In any business, there comes a point where you have to lay down the law; 'this is our policy on that', and policy won't change just because someone starts shouting louder. A customer may always take their money elsewhere if they are unhappy with the product. (snipped)
This and several good comments after. I've seen the jerk keep going higher up the chain to get special treatment, and I've gone the extra mile for the person who was nice. I personally reward the latter behavior not the former and endeavor to do so in my personal and professional lives.

Here's my personal problem(s):
A) The behavior exhibited in the article should never be tolerated. NEVER! If a worker says anything (particularly if it's something said outside of work), that never gives consumers of their businesses product the right to harass, abuse, or anything else like that. Be it Cryptic, another studio, or any other business.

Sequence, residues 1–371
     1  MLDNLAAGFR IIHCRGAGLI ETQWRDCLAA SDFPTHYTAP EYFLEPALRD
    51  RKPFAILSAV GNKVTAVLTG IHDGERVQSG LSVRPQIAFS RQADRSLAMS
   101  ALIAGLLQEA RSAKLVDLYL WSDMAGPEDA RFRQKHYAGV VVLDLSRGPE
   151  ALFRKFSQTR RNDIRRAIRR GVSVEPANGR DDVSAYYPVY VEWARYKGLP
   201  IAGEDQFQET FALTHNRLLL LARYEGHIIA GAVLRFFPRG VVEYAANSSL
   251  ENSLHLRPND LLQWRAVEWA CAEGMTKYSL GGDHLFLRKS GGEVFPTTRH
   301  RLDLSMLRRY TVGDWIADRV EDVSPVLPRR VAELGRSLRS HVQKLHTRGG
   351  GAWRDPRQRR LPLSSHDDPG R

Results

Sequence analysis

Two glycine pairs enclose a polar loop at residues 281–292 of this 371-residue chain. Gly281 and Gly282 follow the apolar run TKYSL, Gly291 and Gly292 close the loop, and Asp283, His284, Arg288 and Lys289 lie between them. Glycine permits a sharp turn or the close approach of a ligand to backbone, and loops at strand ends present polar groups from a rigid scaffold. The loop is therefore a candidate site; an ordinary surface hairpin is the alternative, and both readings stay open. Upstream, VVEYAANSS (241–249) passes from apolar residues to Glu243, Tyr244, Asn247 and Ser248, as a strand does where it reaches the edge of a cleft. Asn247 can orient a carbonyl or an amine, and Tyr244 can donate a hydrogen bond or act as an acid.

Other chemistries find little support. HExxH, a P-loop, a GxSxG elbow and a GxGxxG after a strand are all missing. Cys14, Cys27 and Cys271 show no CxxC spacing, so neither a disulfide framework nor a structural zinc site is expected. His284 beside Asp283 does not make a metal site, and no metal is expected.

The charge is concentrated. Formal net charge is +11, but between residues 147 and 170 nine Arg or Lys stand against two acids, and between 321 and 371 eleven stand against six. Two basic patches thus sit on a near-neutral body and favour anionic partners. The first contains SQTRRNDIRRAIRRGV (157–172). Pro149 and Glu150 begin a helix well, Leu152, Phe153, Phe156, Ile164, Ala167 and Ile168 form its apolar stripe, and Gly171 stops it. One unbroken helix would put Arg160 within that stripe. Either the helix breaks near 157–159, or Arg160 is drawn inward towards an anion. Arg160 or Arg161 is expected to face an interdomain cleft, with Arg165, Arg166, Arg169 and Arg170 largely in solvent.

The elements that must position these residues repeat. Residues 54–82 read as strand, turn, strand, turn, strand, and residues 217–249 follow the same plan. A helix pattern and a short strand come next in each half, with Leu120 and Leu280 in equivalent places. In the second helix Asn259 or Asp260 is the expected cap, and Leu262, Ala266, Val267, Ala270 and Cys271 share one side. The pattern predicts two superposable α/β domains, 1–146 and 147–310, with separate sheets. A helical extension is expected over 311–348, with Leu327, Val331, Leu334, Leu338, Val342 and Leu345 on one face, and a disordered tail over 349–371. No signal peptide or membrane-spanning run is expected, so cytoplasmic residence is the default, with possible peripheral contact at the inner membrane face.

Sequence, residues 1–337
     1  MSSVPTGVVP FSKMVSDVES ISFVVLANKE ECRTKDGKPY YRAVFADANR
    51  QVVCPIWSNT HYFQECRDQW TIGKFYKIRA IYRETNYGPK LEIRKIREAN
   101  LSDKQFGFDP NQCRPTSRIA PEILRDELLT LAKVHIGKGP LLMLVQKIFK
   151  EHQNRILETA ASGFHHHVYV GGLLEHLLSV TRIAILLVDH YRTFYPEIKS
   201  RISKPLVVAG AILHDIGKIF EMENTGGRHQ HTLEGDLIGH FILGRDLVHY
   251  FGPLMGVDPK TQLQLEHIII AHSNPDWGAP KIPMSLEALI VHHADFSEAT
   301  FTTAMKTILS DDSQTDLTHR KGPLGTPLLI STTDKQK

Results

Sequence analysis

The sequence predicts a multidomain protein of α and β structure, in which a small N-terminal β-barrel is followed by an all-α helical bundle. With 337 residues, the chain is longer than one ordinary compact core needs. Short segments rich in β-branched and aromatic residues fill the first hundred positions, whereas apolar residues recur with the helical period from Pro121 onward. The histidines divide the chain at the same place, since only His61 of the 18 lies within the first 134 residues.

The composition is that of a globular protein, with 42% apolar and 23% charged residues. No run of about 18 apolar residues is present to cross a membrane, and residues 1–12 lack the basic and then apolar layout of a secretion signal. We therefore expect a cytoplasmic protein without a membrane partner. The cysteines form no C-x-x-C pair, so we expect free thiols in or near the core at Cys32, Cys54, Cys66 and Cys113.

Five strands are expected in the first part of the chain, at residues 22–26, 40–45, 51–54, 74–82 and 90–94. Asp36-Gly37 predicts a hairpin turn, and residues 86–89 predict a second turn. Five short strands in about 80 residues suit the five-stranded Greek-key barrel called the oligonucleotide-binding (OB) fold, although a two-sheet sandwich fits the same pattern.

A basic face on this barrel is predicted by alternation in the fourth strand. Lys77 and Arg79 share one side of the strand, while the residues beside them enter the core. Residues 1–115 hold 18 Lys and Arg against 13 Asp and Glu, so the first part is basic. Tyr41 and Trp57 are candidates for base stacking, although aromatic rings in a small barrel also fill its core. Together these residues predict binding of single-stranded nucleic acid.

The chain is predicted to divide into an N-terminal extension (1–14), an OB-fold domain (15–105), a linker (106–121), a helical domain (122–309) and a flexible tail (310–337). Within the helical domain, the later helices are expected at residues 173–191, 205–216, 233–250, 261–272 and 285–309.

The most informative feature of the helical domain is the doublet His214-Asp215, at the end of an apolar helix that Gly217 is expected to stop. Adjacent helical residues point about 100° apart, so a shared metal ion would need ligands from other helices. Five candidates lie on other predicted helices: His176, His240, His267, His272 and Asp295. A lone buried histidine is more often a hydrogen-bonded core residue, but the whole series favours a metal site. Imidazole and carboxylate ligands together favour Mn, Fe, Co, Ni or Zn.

There is no equivocating, there is no other view on this matter. Treating someone else as anything less than a human being is shameful (I would argue moreso on this forum, IDIC)

B) Yes, the game has changed since launch because of feedback. That doesn't give license to be rude. And some of those people who were here at beta and are either gone from the game or banned from the forums? It's because they went to the 'dark side' and started being rude.

C) Being insulting, rude, etc just shuts down communication. It doesn't matter how good your point is, if you're being a jerk about it, I don't care (and may not implement it out of spite). If you're reasonable, I can accept that I might be in the wrong. I know that's a radical view, but one I think most people can subscribe to.

D) Thanks for scaring me away from the rest of the internet. If this forum is tame/respectful, OMG what's out there?!

Quote:
Originally Posted by Tumerboy View Post
Constructive Criticism: X (Product, feature, item, practice) is dumb, and here's why.
Insulting Criticism: Y (Person, Team) is dumb, and here's why.